Microsoft on Wednesday announced that its Windows Phone 7 OS has been released to manufacturing (RTM) and delivered to its partners for inclusion on new smartphones that will be provided to consumers in the months ahead. The company declined to announce a launch date for the platform, but Windows Phone 7 is widely expected to ship in October or November.
"We're very excited to say that we've reached the biggest milestone for our internal team, the release to manufacturing (RTM) of Windows Phone 7!" Microsoft's Terry Myerson wrote in a blog post. "While the final integration of Windows Phone 7 with our partners' hardware, software, and networks is underway, the work of our internal engineering team is largely complete."
Microsoft also announced some very minor, feedback-related changes that it made to Windows Phone since an earlier Technical Preview build. These changes all related to Facebook integration on the platform, including such things as adding the ability to "like" Facebook posts and post to friends' Facebook walls from within the phone's integrated experiences.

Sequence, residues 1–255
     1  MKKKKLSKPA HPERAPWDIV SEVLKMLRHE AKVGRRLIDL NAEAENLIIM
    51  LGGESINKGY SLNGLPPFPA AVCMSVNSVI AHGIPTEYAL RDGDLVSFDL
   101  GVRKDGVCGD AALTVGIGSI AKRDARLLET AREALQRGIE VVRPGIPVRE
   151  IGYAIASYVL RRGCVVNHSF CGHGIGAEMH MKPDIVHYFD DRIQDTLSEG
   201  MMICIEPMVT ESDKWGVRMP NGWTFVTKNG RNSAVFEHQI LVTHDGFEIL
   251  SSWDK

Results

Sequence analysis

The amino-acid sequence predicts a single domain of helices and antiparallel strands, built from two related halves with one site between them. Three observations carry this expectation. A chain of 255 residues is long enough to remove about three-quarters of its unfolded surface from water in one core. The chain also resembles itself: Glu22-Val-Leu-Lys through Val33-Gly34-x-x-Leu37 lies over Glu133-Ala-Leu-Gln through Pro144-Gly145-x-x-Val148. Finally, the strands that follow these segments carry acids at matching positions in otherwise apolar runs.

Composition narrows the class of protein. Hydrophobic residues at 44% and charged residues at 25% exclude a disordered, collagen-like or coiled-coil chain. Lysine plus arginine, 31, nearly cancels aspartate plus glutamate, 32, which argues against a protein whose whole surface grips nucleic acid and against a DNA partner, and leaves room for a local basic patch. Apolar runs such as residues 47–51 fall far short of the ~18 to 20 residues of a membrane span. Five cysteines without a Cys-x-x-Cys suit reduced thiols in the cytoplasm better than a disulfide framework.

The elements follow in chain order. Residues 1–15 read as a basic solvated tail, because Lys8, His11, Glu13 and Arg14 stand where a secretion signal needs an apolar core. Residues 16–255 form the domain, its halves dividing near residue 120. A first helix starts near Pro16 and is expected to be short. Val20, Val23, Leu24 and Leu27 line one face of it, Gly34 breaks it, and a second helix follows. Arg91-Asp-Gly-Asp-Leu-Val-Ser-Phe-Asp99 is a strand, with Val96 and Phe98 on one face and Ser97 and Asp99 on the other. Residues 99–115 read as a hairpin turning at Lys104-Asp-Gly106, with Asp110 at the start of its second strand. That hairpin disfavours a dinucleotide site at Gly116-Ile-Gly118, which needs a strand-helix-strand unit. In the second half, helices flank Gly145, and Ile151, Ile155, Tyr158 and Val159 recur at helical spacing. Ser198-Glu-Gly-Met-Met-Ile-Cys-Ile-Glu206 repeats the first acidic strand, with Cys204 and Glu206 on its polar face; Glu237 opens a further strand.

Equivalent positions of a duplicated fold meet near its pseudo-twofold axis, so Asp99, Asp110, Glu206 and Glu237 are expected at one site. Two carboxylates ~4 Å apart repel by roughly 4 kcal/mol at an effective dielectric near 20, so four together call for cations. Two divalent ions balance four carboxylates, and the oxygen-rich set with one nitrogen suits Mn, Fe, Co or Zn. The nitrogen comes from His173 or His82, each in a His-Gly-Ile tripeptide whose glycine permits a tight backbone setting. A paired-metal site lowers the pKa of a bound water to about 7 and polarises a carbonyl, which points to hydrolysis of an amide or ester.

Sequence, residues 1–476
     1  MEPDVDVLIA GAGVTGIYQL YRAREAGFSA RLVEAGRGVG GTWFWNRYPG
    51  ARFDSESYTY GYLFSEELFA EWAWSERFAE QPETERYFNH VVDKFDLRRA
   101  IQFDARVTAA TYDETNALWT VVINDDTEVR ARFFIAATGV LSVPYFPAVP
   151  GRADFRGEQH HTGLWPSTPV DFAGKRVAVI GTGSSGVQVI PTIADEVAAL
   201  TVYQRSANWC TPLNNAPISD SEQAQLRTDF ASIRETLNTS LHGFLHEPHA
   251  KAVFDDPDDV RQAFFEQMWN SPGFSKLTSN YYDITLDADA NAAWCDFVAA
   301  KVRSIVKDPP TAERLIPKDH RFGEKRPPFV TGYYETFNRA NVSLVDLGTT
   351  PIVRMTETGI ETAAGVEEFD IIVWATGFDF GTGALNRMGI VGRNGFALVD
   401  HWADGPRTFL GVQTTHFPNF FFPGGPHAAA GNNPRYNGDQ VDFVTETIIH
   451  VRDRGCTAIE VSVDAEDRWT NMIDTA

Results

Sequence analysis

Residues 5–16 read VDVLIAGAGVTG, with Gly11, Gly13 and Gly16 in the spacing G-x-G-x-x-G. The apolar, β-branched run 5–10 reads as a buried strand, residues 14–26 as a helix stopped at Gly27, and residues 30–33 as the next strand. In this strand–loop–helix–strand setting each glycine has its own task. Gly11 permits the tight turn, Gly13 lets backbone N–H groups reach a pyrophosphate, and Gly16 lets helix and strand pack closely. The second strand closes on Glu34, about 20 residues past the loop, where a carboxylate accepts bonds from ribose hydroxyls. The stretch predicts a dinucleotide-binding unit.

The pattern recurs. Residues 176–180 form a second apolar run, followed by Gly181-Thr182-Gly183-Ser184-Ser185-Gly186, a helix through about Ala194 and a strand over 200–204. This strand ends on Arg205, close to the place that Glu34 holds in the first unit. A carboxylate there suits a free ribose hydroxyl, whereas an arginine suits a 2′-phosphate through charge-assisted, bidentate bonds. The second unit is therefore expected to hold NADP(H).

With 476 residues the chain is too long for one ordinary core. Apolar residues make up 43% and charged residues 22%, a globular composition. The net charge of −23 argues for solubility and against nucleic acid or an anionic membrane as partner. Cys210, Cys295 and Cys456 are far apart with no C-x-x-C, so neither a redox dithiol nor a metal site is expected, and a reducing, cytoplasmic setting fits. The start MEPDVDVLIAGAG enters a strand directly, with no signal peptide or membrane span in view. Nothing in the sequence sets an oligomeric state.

Windows Phone 7 is an all-new smartphone platform that will, over time, replace Microsoft's creaky and ancient Windows Mobile system. Though based on similar underpinnings, the two platforms are completely different and incompatible, and Windows Phone features several innovative interfaces that aren't found on Windows Phone or today's leading smartphone systems, such as the iPhone and Android. Key among these are the integrated panoramic experiences, called hubs; the Metro user interface; and a deep integration with online services that largely obsoletes the in-out-in-out application experience popularized by the iPhone.
Microsoft also noted that Windows Phone 7 is the most thoroughly tested mobile platform it has ever created. "We had nearly ten thousand devices running automated tests daily, over a half million hours of active self-hosting use, over three and a half million hours of stress test passes, and eight and a half million hours of fully automated test passes," Myerson wrote. "We've had thousands of independent software vendors and early adopters testing our software and giving us great feedback. We are ready."